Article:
The financial and emotional costs of lending money to an adult child runs high.
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With credit markets still tight, it can be hard to secure a loan and many cash-strapped adult children are seeking help from the bank of mom and dad. Experts advise that parents do in fact act like a bank and set an interest rate (even if it is far less than a traditional bank rate) and create a payment plan.
But it can be a hard decision on whether to make the loan: You want to support your children, but you also want them to learn the lessons saving for what they want, and financial hardship, teaches.
“Parent-child loan arrangements can be great to help give kids a head start by buying a house, starting a business or going to school, and they can be a valuable part of many parents' estate plans,” says Alvi Aggarwal, an estate planning attorney with One Point One Legal in Alexandria, Va. “There are some legal and tax concerns, but it's easy to avoid major pitfalls by properly planning and carrying out the transaction.”
For example, with a few complicated exceptions, gifts or loans to children more than $13,000 are subject to gift tax unless interest in the amount of at least the Applicable Federal Rate (AFR) is charged, which is about 2.72% for a 10-year note. If you don't want your child to pay interest or make substantial payments, there are a few legal ways around it with the help of a professional.
But when a kid needs an immediate loan to get through a temporary hardship or life- changing decision, here are a few expert guidelines to make the process as smooth as possible and ensure you get paid back:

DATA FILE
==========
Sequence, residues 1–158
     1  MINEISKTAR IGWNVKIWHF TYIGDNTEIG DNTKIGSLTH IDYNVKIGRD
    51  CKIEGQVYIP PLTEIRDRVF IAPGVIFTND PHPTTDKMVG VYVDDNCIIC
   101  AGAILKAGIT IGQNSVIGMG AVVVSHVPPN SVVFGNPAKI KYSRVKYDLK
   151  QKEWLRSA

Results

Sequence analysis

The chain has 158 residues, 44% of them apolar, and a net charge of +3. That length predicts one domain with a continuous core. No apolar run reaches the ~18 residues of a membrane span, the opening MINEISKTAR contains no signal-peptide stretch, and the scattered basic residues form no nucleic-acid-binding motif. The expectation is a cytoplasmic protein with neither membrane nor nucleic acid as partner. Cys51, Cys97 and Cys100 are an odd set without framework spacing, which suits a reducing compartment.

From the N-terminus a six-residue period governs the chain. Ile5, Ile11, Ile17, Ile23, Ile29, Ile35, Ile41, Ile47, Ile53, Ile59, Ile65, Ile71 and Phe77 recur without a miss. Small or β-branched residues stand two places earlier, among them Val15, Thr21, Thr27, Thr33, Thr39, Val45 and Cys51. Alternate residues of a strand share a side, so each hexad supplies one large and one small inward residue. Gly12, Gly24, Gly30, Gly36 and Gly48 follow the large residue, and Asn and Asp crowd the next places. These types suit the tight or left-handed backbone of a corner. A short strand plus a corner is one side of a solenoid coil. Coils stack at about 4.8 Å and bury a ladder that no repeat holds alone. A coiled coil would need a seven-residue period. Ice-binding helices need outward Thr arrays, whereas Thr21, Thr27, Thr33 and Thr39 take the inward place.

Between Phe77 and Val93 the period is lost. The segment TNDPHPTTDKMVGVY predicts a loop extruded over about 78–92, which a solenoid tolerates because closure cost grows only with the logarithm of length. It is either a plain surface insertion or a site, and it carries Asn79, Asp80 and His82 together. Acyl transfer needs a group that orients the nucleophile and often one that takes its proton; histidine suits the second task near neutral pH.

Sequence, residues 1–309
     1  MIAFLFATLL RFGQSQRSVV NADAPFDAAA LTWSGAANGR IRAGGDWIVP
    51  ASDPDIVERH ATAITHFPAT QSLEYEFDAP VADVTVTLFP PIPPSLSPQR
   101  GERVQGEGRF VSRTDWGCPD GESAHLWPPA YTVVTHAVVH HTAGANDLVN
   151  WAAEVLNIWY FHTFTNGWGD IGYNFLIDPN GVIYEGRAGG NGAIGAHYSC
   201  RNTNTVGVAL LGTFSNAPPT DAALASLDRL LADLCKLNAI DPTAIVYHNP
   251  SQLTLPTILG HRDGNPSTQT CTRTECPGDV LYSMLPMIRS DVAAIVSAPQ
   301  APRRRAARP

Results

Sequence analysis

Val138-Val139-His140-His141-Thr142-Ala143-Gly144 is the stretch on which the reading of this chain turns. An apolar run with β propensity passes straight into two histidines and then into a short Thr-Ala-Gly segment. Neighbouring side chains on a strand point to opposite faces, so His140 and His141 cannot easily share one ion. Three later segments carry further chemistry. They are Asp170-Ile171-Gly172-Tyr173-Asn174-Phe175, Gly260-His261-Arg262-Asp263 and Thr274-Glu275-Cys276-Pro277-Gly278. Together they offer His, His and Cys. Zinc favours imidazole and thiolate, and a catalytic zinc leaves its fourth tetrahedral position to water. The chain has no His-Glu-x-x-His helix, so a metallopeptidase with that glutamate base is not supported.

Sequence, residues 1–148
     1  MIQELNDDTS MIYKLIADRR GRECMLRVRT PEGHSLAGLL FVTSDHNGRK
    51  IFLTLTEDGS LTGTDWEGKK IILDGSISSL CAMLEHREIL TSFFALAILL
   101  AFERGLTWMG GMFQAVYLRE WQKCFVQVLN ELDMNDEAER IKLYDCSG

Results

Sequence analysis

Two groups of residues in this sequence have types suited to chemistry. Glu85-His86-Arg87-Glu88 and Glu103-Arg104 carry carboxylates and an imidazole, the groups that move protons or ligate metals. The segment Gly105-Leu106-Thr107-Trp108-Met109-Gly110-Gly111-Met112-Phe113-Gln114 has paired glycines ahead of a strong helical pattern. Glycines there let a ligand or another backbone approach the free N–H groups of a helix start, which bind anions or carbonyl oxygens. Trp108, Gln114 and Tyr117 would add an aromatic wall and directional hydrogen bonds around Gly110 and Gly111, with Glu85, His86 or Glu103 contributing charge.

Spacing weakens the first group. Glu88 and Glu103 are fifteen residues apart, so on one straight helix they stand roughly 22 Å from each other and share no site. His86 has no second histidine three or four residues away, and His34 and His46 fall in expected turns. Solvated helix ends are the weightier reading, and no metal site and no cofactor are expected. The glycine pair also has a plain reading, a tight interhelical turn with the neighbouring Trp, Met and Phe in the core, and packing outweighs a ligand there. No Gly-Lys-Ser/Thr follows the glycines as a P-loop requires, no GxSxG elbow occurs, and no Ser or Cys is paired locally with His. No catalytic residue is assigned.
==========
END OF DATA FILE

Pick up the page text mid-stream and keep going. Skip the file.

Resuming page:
Validate the child's reason for needing the money. Talk about how the money will be used to make sure you’re comfortable making the loan and that it will be used wisely. Ask whether the child has taken action to increase income and reduce expenses (are they thinking of taking a second job, cutting costs?), and make sure they have a detailed re-payment plan.
Stan Molotsky of SHM Financial Group in New Jersey recommends only lending money in vital situations like making rent, buying food or paying bills.
Make it clear you won't always loan money. Setting clear expectations and loan terms avoid repeat trips to the bank of mom and dad.
“Even in college, one shouldn't be dropping coin on their kids just because they say they need it,” says Certified Financial Planner Adam Koos, with Libertas Wealth Management Group. ”The more you give them, the more you'll artificially prop up their lifestyle. The longer you continue this habit, the longer the child will accept it, and the harder it'll be to fly on their own when you either decide to stop helping or your retirement fund decides for you.”
Draw up a contract. A loan arrangement between you and the adult child should be treated like a normal creditor-debtor relationship. A contract may cause discomfort and raise questions about trust, but is necessary, says Molotsky.
The contract should include the total loan amount and interest rate, payment schedule and default and late penalties. “It's a fine line parents walk between lending money to children and spoiling [them] with loans that children assume are gifts,” adds David Ogman, financial advisor for the Shapiro Ogman Group. “Having a contract will set the boundaries from the start.”
Charge reasonable interest. Danny Kofke, author of A Simple Book of Financial Wisdom: Teach Yourself (and Your Kids) How to Live Wealthy with Little Money, suggests charging 5% interest on loans to children. “It may be difficult to charge your own child interest but you are actually doing them a favor in the long run and teaching them a valuable lesson,” he says.